Five Years On, Greg’s Still Gone
Greg Sellnow—longtime Post Bulletin columnist, regular Rochester Mag contributor, guy with the worst tennis serve I’ve ever seen, the kind of friend that you could tell to his face had the worst tennis serve you’ve ever seen—died five years ago this month.
It was March 10, 2012. Greg was 54, and had spent the day doing the kind of thing he loved—he went to the Minnesota High School State Hockey Tournament with one of his kids and a friend. He died of a heart attack that night.
It was a terrible time for him to go, mostly because he owed me $8.
That may sound crass, but you’ll have to trust me that that’s the kind of line Greg would have loved. Also, he really did owe me $8.
Four days later, in front of an overflowing memorial service at Mount Olive Lutheran Church—a service filled with friends and family and, most telling, people who felt they knew him through his column—I had the honor of eulogizing his writing at the funeral.
Here’s that eulogy, without all my choking up, which I would still do, five years later:
First of all, everyone here better be damn sure their cell phone is turned off.
And I can only pray that none of you in the front saved these seats by sneaking in here early and leaving your coats on the good pews.
Let’s get one thing straight: Greg would be annoyed by all this. All of you inside on such a beautiful day. Ideally, we’d be sitting at a Honkers game. Third base line. And the beer batter would strike out every at bat.
I’ve been asked to talk about Greg as a writer, but you can’t do that without talking about Greg as a person.
Because once or twice a week for the past 20 years—maybe a thousand columns, maybe a million words—Greg opened up his home and his heart in the pages of the Post Bulletin.
It rarely felt like you were reading Greg’s column. It felt like you were listening to a good friend tell a good story. (A slightly cranky friend, but a good one nonetheless.)
And in those stories, we listened to him proudly describe his kids as they grew up.
Or as Greg told us in one of his most recent columns: “I will tolerate just about anything my kids want to do for happiness—up to, but not necessarily including, a face tattoo.”
We heard loud and clear his love and loyalty to his wife and family.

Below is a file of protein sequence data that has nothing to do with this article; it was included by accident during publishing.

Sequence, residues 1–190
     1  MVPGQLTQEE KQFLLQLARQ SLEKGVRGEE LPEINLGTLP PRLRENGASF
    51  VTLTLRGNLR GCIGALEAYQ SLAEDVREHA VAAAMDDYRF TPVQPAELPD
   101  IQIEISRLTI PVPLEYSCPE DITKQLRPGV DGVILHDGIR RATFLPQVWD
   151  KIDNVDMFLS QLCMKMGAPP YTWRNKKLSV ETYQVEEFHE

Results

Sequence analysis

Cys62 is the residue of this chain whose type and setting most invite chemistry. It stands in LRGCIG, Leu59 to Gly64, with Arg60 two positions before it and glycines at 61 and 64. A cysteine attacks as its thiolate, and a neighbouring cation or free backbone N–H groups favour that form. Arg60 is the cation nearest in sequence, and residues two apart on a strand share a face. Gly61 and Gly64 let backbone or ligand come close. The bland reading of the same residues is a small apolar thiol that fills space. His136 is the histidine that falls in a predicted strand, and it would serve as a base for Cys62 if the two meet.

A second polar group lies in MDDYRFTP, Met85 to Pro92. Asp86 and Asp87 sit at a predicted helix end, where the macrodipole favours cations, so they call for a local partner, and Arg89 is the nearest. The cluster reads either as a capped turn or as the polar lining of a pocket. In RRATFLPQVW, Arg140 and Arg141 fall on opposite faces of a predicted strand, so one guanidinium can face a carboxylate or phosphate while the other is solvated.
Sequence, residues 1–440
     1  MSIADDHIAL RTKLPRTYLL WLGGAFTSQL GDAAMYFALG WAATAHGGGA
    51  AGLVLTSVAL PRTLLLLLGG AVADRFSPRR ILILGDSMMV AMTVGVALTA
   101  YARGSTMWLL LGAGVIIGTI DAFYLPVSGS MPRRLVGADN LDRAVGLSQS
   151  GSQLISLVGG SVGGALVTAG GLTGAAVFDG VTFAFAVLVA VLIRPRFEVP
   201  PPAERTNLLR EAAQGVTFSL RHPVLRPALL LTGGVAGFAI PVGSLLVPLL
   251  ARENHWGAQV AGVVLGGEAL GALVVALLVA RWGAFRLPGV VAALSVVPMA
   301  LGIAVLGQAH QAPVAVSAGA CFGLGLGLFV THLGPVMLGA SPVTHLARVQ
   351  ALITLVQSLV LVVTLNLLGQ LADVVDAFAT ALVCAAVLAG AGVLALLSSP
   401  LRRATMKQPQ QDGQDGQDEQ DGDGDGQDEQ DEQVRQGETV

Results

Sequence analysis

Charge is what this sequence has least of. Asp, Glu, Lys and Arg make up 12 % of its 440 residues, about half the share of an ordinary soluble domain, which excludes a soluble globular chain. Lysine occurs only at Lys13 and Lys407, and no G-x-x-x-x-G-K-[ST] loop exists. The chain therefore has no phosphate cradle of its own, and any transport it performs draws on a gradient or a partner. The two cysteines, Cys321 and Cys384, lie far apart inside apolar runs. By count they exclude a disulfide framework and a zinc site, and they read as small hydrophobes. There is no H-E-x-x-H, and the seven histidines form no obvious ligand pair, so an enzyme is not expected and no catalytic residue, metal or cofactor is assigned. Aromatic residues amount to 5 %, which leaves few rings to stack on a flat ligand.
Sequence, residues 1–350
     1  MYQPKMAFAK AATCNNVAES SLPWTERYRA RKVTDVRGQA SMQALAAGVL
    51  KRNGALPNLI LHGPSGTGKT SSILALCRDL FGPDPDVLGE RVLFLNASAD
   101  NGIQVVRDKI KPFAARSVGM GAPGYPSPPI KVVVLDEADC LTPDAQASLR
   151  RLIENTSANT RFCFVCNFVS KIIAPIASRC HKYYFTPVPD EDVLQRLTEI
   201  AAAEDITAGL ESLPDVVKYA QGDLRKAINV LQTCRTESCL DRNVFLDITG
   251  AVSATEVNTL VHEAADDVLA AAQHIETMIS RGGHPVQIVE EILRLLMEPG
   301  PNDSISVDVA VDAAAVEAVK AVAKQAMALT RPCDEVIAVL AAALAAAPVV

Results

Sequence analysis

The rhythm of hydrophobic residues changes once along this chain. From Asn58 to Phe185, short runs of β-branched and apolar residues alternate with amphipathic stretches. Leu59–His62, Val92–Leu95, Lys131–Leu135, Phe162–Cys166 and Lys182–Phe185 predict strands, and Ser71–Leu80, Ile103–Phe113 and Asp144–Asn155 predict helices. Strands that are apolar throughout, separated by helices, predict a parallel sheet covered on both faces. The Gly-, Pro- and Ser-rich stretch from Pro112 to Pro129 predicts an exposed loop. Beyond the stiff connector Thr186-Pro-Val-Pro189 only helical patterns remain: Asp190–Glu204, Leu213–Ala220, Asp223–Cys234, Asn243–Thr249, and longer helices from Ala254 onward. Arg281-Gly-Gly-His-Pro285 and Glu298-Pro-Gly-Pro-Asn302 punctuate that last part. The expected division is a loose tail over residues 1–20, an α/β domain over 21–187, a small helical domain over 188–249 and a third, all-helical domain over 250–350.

Along the way, we also heard Greg’s take on some of his other loves—baseball, Bruce Springsteen, Missouri basketball.
But Greg’s writing—and this will surprise none of you—was not all touchy-feely and positive.
You didn’t want to get him started on cellphones, cigarette butts, or seat-savers.
You did not dare ask him about Special Sessions of the Minnesota Legislature.
Greg could be brilliantly cranky, bitingly insightful, politically charged, and surprisingly tender.
Sometimes all in the same column.
Here’s Greg writing about fashion trends, specifically a young guy he saw sporting exceptionally baggy pants:
“So the kid is wearing a pair of jeans with a belt fastened around his thighs through the loops of what should be the waist of the pants. He’s walking in baby steps because when there is a belt fastened around your thighs you cannot walk normally.”
Here’s Greg on accepted physical distance during greetings:
“After the handshake, we Minnesotans need at least 2.75 feet of personal space, but no more than 3.25 feet once the hand is released.”
Here’s Greg on relationships:
“There’s a difference between dating someone and letting that person sleep on your couch.”
Greg’s real writing gift emerged in his profiles of people.
If you get a chance, go back to the PB archives and listen to his story of Sarah Hackenmiller, a young woman waiting for a double lung transplant.
Here’s an excerpt:
“Sarah can’t taste or smell food right now, but she can imagine the heavenly aroma and flavor of her mom’s fried chicken and milk gravy. That’s not what she craves, though. What she wants most desperately is the ability to breathe on her own.”
That’s as humanizing as writing gets.
The real reflection on Greg’s writing, though, is the fact that he made people who had never met him think of him as a friend.
Here’s one of the hundreds of emails and phone calls and comments that have poured into the Post Bulletin over the past few days:
“Hearing of the sudden death of Greg Sellnow hit me like a punch in the gut,” wrote one reader. “Though I’ve never met him, Greg’s writings made me feel like I was reading an email from my brother. … I keep thinking about the recent column where he stood in line for an insane length of time for a ridiculously expensive hot dog in Chicago with his kids because he didn’t know when he’d get back to Chicago…”.
“We’re all glad he stood in line,” that reader wrote. “From now on, so will I.”
There’s never a good time to die, but this seems like a cruelly bad time for Greg to go.
Springsteen’s new CD just came out.
Missouri landed a top seed in the NCAA tournament.
It’s Spring Training for the Twins, and Joe Mauer is not yet injured.
And, from a selfish standpoint, we still want to hear another million words in Greg’s voice:
About those damn seat savers.
Or about that little kid at the Ronald McDonald House.
Or about wasting an hour and $8 waiting in a line for hot dogs, just for the excuse of spending a little extra time with your family.
The Greg Sellnow Memorial Journalism Scholarship Fund, set up in 2012, supports RCTC students pursuing degrees in print or online journalism.
Call 507-281-7770 to donate.